Return of the bedbug may be worth losing sleep over
The Denver Post
Thursday, January 6, 2011
BROOMFIELD - The resurgence of the bed-hopping bloodsuckers
might be more of a runaway train than a gravy train for
exterminators, a leading bedbug expert told pest controllers
The boom in bedbugs in the past three to five years has to be
good for somebody, doesn't it?
"Be careful what you wish for," University of Kentucky
researcher Michael Potter told a packed session at the National Bed
Bug Forum this week at the Omni Interlocken Resort.
Bedbugs are the hardest pest to control in America, despite
stiff competition from ants, roaches and termites, he said.
"Yes, they're coming back," Potter said. "Infestation is
inevitable. Infestation is unstoppable."
The bedbug problem is going to be more difficult to deal with
this time around, Potter said.
People have completely forgotten about risky behavior, he said.
When bedbugs last surged, in the early to mid-1900s, Americans
trained themselves in "eternal vigilance," Potter said. They
checked for bedbugs whenever they ventured away from home.
Dedicated "search and destroy" missions by parents and public
servants virtually eradicated the pests by the late 1950s.
"Eternal vigilance," however, was short-lived, and they're back
with a vengeance. Americans travel more. Immigration continues.
Secondhand furniture, clothes and other recyclables are in vogue.
The hitchhiking insects have even more opportunities to get
Another factor, Potter said, is that people have more stuff -
more hiding places for bedbugs, which like to aggregate in any dark
nook and cranny, not just mattresses. Bedbugs hang out until hunger
drives them to seek human warmth and exhalations (carbon
They might be lurking in a TV set or behind a drawer. Pest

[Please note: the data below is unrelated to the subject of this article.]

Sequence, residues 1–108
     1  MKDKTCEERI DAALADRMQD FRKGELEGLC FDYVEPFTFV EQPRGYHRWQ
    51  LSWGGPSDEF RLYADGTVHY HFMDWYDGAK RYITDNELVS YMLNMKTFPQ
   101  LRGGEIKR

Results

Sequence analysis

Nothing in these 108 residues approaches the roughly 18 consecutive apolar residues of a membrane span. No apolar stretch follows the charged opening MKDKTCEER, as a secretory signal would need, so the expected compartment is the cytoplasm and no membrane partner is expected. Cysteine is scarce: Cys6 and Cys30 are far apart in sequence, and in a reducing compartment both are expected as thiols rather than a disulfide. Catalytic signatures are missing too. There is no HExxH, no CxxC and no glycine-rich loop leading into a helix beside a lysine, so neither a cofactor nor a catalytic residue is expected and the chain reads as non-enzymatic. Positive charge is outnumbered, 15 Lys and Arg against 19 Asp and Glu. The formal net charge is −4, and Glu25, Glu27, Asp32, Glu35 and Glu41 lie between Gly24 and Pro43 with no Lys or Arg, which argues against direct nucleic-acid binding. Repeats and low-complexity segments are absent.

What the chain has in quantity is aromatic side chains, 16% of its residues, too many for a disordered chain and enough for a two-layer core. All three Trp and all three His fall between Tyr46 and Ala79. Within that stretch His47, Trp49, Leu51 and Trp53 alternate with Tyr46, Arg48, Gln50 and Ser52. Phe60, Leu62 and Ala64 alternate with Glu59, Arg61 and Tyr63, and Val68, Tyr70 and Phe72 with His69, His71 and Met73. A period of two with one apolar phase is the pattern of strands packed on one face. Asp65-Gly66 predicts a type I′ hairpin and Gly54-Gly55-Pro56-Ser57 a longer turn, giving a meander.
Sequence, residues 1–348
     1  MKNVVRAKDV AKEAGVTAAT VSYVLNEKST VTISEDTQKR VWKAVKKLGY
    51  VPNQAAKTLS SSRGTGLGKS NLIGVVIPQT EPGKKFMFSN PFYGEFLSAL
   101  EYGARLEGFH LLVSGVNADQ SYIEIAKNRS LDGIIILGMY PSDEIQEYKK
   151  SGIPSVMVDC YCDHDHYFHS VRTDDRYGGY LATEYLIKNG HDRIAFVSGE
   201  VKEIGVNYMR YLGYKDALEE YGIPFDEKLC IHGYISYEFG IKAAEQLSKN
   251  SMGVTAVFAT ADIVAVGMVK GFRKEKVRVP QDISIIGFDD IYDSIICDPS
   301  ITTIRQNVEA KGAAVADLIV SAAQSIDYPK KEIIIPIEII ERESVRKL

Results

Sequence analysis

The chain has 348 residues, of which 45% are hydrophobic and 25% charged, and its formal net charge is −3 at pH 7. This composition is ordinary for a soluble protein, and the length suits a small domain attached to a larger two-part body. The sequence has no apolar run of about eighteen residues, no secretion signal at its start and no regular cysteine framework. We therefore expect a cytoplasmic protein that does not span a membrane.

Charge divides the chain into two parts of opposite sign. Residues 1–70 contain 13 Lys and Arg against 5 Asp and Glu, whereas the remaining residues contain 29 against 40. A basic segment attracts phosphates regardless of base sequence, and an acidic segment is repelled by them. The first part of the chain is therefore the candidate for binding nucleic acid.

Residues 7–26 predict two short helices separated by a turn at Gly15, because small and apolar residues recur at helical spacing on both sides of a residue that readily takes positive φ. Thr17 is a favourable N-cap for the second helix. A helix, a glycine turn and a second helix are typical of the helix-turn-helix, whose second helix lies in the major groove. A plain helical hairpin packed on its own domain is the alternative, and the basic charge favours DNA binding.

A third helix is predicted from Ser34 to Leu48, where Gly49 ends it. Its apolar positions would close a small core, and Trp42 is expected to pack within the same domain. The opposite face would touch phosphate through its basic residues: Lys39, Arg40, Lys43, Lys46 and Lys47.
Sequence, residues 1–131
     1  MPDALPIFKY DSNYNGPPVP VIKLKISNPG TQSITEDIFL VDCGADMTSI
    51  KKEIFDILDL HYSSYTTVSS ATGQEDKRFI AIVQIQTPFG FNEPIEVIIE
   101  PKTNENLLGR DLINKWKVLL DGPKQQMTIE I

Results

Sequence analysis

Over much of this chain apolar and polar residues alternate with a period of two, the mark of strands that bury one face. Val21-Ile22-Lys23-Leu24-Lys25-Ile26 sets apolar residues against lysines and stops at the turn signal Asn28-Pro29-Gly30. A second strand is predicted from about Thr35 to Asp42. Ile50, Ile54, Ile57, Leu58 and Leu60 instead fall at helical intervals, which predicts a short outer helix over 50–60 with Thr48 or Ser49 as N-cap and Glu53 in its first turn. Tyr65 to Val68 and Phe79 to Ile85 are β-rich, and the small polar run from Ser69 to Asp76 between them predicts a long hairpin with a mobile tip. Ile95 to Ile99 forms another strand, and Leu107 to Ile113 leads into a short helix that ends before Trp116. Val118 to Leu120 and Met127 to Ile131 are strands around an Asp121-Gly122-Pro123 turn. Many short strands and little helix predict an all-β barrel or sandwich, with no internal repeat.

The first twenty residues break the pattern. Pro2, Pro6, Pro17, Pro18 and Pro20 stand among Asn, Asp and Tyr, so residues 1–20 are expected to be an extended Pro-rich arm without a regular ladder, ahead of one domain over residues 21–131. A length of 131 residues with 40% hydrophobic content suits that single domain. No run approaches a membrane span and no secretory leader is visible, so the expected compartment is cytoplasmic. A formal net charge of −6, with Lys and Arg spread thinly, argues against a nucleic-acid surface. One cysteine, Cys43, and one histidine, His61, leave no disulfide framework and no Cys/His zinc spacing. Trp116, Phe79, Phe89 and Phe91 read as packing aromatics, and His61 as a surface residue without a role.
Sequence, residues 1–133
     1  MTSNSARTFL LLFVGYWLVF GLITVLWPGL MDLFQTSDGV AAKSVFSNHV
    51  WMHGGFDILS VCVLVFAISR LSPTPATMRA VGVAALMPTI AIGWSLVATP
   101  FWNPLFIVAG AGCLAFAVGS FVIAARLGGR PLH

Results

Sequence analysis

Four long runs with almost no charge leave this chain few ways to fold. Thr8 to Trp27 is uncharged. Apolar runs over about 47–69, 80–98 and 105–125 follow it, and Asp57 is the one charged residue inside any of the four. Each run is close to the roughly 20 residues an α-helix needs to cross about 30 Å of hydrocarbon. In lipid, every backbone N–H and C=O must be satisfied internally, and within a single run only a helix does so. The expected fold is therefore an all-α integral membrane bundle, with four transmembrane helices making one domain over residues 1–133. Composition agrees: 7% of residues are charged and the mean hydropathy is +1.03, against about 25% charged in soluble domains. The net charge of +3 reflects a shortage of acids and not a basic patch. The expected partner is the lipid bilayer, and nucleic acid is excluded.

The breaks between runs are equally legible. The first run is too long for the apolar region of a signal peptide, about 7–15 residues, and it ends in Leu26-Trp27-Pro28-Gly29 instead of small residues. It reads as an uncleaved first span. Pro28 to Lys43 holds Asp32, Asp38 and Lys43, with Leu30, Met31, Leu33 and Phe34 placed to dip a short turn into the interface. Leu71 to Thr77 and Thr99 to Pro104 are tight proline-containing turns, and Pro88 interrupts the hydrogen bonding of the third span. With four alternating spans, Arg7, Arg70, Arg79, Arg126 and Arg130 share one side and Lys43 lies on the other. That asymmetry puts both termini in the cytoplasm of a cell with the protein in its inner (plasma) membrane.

controllers are going to find themselves literally going through
people's drawers and underwear, experts warned at the conference,
sponsored by the National Pest Management Association.
The bugs aren't known to carry diseases, but their bites can
raise itchy welts in some people and cause serious infections in
others. And the "ick" factor is off the chart for most people,
Don't bother spraying over-the-counter insect repellants on
yourself at bedtime. They don't work, researchers said.
The bloodthirsty bugs typically feed five to 10 minutes on a
human, Virginia Tech researcher Dini Miller said, and then they
leave their host.
"It's like a bad one-night stand," Miller said.
Once sated with blood, the bugs mate with abandon. When blood is
available, they feed every three to seven days, Miller said.
Female bedbugs typically die after about nine nosh-and-nookie
sessions. An adult female on average produces 113 eggs in her
Americans probably will have to learn to live with bedbugs,
whose ranks include many resistant to currently available
insecticides and banned ones, such as DDT, that previously were
effective but wouldn't be now, Miller said. There are fewer
chemicals in the arsenal, and all are less effective than they once
were because of bedbug genetic adaptations.
"Americans think it's our birthright to live free of vermin,"
Miller said. "Get over it."
Miller said people should learn how to watch for and identify
the bugs, typically the size of an apple seed, and to keep an eye
out for their eggs. They must accept that controlling infestations
probably will require repeated spraying by more than one chemical
cocktail and/or destruction by carefully managed heating
techniques. Then, follow up. Then, follow up again.
"The dryer is your best friend," Potter said. About 10 to 15
minutes in the appliance can kill bedbugs in clothes, linens,
blankets and more.
That just leaves the rest of the house.
Panic won't help.
"It's insane to shut down a school or building because one
bedbug was found," Potter said.
A survey of more than 1,000 pest-control operations - more than
500 in the U.S. - found that exterminators have treated
infestations in homes, hotels, schools, hospitals, movie theaters,
offices, college dorms, ambulances and elsewhere.
"It's just a matter of time before you're routinely finding them
in all these places," Potter said.
Potter and Miller expressed concerns that the costs of
controlling bedbugs is going to seriously cut into the
profitability of apartment complexes, hotels and other businesses
when the country can least afford it.
Federal dollars have not been available for research, Potter
said, because bedbugs are not disease carriers. Medical
professionals have limited knowledge to share with patients
concerned about bites.
"The pest-control industry is going to have to lead," Potter
The survey of pest controllers found that 76 percent of
respondents considered the bedbug hardest to eradicate, compared
with the 13 percent that cited ants and the 9 percent fingering
roaches. Termites finished a distant fourth.
Electa Draper: 303-954-1276 or email@example.com